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A thing worth doing a blog by Daniel Webster - you pity the plant - Rembrandt Harmenszoon van Rijn - The Prophet Jonah before the Walls of Nineveh, c. 1655 - worship, ministry, and culture

You Pity the Plant – Jonah 4:9-11

I wrote this brief devotional back in 2015. It is true and timely for us today.

Every Christian has something they cling to—personal comfort, preference for their own nationality or ethnicity, materialism, traditionalism—which may hinder them from reaching the perishing.

Perhaps no place in Scripture is this truth more vividly illustrated than in the life of Jonah. After this prophet finished proclaiming God’s mercy to the Assyrians, he sat outside of Nineveh to see whether God would judge or spare them (4:5). While he waited, Jonah was provided with a plant for shade, but God withered the plant after only one day. Jonah became outraged! God said to him, “You pity the plant; should not I pity Nineveh?” (4:9-11) How did Jonah get to the point where he had more pity for a one-day-old plant than the eternal souls of the Assyrians?

Jonah’s indignation over Nineveh’s sins was legitimate, but it is apparent that he viewed them as undeserving of God’s mercy. This sense of superiority was accompanied by a sense of entitlement for the security and comfort which he found in the plant. The narrative provides an interesting contrast. Before being thrown to the sea, Jonah was shown compassion by mariners who put their own lives at risk to help Jonah after they determined that God’s chastisement was upon him (1:11-13). One would expect the Gentile mariners to seek their own safety, but they showed sympathy to this Jewish man. When it came time for Jonah to return mercy to the Ninevites, he failed miserably and showed pity on the plant.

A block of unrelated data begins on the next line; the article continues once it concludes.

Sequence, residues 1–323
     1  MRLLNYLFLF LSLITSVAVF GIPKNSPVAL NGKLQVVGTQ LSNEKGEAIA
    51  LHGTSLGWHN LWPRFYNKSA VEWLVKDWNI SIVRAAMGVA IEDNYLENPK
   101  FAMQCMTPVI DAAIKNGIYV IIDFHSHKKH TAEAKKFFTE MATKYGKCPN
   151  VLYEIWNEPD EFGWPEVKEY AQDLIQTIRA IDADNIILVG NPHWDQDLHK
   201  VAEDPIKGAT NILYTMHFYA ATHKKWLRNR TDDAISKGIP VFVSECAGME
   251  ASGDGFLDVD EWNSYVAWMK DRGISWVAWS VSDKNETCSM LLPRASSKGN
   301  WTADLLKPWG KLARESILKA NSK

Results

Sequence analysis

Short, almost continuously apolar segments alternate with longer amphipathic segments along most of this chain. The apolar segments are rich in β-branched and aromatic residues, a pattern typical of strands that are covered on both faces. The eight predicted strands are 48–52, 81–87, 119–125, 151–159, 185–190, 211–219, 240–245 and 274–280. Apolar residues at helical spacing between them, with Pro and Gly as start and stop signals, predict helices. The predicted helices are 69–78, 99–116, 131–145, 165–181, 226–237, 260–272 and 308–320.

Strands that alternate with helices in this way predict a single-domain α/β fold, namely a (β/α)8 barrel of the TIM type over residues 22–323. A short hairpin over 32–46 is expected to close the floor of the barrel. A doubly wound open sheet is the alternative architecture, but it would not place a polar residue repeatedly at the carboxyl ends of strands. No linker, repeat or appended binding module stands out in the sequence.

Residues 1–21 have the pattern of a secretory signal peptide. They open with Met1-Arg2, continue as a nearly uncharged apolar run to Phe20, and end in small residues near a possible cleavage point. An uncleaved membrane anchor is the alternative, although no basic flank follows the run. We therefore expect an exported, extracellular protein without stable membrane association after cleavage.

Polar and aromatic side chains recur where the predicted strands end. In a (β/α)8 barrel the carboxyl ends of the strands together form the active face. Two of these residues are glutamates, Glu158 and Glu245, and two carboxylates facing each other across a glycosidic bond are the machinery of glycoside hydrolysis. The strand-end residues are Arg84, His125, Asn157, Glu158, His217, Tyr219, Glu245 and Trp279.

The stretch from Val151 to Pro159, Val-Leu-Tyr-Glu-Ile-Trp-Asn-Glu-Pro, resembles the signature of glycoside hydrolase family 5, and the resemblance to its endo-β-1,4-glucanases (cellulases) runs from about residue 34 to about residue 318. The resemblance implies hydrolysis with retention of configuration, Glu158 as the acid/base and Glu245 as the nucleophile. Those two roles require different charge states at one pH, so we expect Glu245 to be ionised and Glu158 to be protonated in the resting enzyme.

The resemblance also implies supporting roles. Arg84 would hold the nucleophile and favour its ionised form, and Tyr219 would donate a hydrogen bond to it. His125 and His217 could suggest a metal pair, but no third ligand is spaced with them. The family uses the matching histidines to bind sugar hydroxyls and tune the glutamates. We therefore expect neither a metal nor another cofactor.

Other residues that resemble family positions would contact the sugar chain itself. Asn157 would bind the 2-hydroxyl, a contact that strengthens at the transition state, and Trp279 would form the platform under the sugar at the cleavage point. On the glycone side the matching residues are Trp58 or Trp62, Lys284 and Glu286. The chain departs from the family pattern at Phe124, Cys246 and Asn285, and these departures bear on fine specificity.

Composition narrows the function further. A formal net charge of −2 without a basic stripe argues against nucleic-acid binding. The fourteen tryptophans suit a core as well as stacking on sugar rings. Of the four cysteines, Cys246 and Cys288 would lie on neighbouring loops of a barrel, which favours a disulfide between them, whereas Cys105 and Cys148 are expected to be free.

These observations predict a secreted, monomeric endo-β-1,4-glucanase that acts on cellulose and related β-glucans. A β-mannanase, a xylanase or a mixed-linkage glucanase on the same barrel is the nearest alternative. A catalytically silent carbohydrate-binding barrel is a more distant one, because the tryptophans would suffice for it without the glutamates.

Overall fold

Believers today can be guilty of Jonah’s sin. An attitude of superiority may lead to a failure to have sympathy for lost souls. We must lay aside our preferences and prejudices in order to reach the perishing.

Want to read more? Read this post about the call of God.

Featured image is The Prophet Jonah before the Walls of Nineveh (c. 1655) by Rembrandt.

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Daniel Aaron Webster - blog a thing worth doing - worship, culture, ministry - early Christian music

Daniel Aaron Webster is a minister, writer, and teacher. His primary research interest is early Christian music, especially the musical thought of Clement of Alexandria.

Daniel serves at Welch College as Director of Enrollment & Marketing and as Adjunct Instructor of Music & Theology. He is also the Associate Pastor for Music & Worship at Immanuel Church in Gallatin, TN. 

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